As I have mentioned before, horror was a key component of my life growing up. During the 80’s and 90’s it was not uncommon to run across a plethora of horror films in the video rental stores, many of which would never see a wide theatrical release relegating them to be discovered by hapless kids browsing the shelves of our local video store.
Today’s entry was one that I found on the shelf at my local grocery store’s offering for videos (yes, even grocery stores got in on the rental act back then) and it was the cover that intrigued me. Depicting a creepy guy holding the door open for a number of horrors intrigued me and I knew I had to accept his invitation and see this film. This is Waxwork.
Today’s Key Movie:
In what seems like a semi-typcial 80’s teen flick, a popular group of highschoolers stumble across a wax museum in the middle of their posh neighborhood. Operated by a strange man (played by David Warner), the teens soon find that the wax museum holds dark terrors in each of it’s wax displays.
Why this movie?
As I mentioned above, this was one I found in our local video shop in my deep dive in to horror during the 80’s. At that time, I was ravenous for anything and everything horror, scifi and fantasy that I could get my hands on. Luckily, with the advent of home video, filmmakers now had a way to churn out movies for the hungry masses to see.
Waxwork falls under the horror comedy genre that was popular at the time, creating many of the Horror-B films we know and love today. The thing that separates Waxwork from the majority of the releases is that it manages to make Wax Museums into a medium for horror itself. You see, in this story, each of the displays act as sort of a portal into the realms that they depict. If a person steps across the threshold they find themselves in the a very real version of the display and ultimately become part of the museum itself. This explains how a wax museums manage to make such remarkably realistic statues and why they have signs asking you to never step into the displays themselves.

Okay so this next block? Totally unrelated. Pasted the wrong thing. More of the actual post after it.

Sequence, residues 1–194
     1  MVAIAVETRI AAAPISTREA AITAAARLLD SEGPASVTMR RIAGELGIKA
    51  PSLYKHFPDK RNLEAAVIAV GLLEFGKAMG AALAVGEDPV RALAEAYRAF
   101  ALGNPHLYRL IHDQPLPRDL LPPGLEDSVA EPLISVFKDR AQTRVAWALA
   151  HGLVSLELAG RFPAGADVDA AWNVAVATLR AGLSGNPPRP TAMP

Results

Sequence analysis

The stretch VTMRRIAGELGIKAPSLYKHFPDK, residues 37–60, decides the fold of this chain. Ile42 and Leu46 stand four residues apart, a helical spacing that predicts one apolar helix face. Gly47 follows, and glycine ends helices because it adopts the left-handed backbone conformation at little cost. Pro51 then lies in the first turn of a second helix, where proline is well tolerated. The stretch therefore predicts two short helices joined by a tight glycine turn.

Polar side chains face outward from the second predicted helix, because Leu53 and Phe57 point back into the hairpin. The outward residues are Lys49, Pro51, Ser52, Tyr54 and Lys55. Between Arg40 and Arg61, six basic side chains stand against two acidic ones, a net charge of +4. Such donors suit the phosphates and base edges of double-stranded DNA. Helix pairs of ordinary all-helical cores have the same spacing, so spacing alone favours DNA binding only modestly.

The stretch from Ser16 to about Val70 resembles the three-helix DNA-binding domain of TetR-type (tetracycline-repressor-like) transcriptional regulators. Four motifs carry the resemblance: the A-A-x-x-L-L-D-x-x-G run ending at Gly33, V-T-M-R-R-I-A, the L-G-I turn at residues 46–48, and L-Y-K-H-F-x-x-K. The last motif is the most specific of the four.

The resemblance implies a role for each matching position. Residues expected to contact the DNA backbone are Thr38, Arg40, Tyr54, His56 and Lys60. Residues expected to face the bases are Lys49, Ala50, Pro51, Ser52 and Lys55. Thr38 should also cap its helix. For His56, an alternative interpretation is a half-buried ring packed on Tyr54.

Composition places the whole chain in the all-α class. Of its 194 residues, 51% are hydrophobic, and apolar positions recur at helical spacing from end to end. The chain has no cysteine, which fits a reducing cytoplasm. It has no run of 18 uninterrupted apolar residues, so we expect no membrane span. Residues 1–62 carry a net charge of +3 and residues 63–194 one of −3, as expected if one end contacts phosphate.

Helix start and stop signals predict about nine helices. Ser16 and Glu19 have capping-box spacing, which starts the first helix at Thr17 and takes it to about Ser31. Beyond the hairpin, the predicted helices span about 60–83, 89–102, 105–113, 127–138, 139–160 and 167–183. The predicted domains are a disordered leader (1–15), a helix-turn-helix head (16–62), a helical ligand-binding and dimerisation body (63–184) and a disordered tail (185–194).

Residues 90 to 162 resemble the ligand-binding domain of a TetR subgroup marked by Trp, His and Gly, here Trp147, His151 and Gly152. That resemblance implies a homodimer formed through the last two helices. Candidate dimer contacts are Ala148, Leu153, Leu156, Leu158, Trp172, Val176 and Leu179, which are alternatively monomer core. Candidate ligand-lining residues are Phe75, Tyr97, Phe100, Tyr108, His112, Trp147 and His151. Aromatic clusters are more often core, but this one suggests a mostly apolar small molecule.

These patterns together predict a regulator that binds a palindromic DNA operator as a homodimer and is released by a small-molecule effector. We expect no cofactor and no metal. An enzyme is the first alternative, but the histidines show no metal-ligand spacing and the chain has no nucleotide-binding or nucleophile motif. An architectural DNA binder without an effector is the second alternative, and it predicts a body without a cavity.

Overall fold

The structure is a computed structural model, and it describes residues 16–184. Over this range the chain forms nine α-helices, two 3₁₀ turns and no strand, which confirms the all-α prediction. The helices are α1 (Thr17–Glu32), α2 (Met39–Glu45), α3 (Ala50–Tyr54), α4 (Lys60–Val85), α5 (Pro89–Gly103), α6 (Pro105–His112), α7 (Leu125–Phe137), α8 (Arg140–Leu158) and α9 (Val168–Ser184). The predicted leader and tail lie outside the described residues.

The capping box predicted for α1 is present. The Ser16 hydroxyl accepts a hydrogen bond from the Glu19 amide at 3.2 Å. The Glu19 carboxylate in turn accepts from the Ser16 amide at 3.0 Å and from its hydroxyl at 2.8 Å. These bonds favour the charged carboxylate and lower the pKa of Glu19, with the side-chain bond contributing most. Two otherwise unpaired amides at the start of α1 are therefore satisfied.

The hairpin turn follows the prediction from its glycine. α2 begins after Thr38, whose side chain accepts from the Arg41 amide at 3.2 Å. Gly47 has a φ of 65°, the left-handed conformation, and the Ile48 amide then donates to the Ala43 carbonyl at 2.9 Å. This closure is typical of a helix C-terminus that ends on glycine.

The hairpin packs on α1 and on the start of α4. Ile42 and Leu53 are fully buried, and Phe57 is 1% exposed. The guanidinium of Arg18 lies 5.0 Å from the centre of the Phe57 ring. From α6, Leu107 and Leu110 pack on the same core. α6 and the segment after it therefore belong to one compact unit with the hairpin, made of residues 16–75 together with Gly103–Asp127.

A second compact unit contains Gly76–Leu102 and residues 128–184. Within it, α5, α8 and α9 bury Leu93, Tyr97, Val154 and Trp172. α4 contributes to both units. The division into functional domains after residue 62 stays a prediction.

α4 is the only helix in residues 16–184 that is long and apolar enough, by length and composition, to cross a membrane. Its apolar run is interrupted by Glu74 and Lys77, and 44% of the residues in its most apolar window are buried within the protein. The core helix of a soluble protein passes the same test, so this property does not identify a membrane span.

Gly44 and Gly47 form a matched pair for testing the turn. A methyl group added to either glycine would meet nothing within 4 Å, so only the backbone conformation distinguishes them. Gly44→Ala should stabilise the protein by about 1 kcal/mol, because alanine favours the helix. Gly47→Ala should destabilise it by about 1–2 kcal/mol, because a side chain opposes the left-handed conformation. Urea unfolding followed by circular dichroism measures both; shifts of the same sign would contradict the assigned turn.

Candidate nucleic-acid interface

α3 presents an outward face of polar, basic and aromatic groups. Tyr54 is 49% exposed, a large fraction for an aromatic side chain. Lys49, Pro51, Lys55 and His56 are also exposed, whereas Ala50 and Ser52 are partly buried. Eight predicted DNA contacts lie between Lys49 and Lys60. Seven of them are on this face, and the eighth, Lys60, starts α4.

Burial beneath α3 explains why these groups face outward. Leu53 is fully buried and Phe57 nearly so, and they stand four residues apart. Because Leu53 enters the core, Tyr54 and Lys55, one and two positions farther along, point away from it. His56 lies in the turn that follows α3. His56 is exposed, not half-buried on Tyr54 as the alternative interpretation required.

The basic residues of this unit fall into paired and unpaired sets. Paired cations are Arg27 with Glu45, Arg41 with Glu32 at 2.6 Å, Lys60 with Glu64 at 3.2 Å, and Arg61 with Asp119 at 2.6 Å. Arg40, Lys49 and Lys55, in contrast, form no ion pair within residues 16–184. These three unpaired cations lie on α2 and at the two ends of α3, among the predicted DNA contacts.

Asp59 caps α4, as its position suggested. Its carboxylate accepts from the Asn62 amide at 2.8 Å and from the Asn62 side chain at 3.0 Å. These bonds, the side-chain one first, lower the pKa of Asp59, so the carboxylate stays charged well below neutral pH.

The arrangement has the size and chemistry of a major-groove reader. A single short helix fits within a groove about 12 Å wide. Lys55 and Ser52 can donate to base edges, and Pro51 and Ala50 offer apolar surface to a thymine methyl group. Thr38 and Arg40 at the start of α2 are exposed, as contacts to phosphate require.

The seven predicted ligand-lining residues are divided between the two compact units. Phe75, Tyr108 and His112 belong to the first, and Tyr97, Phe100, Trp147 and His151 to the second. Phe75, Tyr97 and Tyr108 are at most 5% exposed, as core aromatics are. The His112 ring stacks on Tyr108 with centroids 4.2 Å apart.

Okay, you like this film, but is it really a ‘good film’?
With an excellent cast including David Warner and John Rhys-Davies, this is one that still holds up to this day despite it’s campy nature. Containing versions of each of the most popular creatures such as Werewolves, Vampires, Phantoms and more, this is a rather unique film that allows for a cool blend of time periods and creatures while telling various tales explaining each of the displays in the museum. In many ways, this film serves as it’s own self contained anthology series in the vein of Tales from the Crypt or Tales From the Dark Side. The film feels like it was inspired by the old EC comics of the late 40’s with it’s Gothic tones and classic horror vibes, I almost wonder if that was not the original intent.
While campy in moments, this is one that has managed to age fairly well. With rather impressive budget effects and loads of blood, this is a must see for anyone who loves classic 80’s horror and enjoys a clever plot while also being able to turn a blind eye to the absurdness of it all. This film also managed to garner a sequel, Waxwork 2 Lost in Time (starring Bruce Campbell and Marina Sirtis) which further expands on the power behind the strange portals created by the Wax displays.
If you were really paying attention you would recognize a certain Billy Peltzer (Zach Galligan) in the roll of Mark.
OK, where do I get this movie?
You can get this one in a pretty great boxed set that has both Waxwork and Waxwork II in it. It’s a little hard to find these days but they are both available digitally as well so you wont have to look far. We may have to cover the second film at a later date…
Late To The Game 2/20/2020
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